The Seattle Company Making the Prefab Homes of the Future

Node's homes go beyond carbon neutral
| FROM THE PRINT EDITION |
 
 
Rendering by Node

This article appears in print in the May 2018 issue. Click here to subscribe.

Imagine if it was as easy to buy a home as an iPhone. With Node, a Seattle-based company started last year with the goal of creating turnkey homes with the smallest possible footprint, that fantasy comes a little closer to reality.

Node prefab homes (starting at $90,000) are built in the Pacific Northwest entirely with nontoxic materials and are move-in ready in less time than it generally takes to order a piece of furniture. Customizable add-ons, such as solar panels and rainwater capture and filtration systems, can take owners off the power grid completely.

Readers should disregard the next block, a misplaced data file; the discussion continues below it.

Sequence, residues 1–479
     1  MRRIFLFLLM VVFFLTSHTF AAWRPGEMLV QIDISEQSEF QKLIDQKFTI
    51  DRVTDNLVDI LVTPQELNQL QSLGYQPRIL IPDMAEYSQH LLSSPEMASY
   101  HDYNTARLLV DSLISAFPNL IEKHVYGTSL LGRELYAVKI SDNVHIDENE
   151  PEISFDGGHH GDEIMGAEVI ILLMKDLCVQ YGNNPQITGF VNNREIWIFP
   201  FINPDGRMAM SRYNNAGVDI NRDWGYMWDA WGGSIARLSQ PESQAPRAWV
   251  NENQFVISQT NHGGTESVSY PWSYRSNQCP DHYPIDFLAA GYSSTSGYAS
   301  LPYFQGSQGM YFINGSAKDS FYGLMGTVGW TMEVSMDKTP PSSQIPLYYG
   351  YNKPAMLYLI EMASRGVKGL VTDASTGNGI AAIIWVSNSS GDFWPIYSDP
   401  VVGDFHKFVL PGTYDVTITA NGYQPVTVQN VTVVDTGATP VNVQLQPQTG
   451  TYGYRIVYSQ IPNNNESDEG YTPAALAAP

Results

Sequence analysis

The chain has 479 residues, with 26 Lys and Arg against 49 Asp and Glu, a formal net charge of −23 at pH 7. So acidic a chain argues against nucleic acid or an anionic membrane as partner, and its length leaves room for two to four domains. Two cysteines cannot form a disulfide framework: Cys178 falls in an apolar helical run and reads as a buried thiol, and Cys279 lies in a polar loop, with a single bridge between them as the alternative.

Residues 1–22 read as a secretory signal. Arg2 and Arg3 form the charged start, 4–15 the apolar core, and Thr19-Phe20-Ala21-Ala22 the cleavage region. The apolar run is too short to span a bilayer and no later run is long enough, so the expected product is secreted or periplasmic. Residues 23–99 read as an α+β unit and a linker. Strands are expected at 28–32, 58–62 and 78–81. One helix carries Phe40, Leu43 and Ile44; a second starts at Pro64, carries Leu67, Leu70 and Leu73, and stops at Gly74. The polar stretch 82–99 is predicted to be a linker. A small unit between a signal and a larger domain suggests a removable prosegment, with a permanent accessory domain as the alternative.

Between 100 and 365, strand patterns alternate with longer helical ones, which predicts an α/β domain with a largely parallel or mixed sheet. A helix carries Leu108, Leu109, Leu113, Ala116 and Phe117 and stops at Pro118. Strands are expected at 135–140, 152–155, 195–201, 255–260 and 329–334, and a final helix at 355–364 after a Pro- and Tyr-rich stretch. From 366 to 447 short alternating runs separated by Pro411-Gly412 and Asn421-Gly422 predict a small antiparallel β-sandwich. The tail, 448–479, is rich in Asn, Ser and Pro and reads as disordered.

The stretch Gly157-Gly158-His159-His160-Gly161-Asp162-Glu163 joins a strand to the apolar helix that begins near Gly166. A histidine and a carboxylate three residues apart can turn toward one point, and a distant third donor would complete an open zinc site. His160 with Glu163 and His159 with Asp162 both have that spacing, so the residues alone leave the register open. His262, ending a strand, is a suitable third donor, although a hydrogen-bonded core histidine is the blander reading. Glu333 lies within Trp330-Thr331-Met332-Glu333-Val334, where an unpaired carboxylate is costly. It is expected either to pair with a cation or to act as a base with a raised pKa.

Cofounder Bec Chapin says these homes should last a lifetime, so structural adaptability—adding on another bedroom down the line, for example—is an important feature. The company completed two projects in Washington state in 2017 and hopes to add 10 more this year in urban and rural locations, including, possibly Santa Rosa, California, to help victims of last fall’s fire.

Like the latest tech, there are “just enough choices to make it your own,” Chapin says. Unlike the latest tech, these homes are built with long-term sustainability in mind: “What’s the opposite of planned obsolescence? That’s what we have.”

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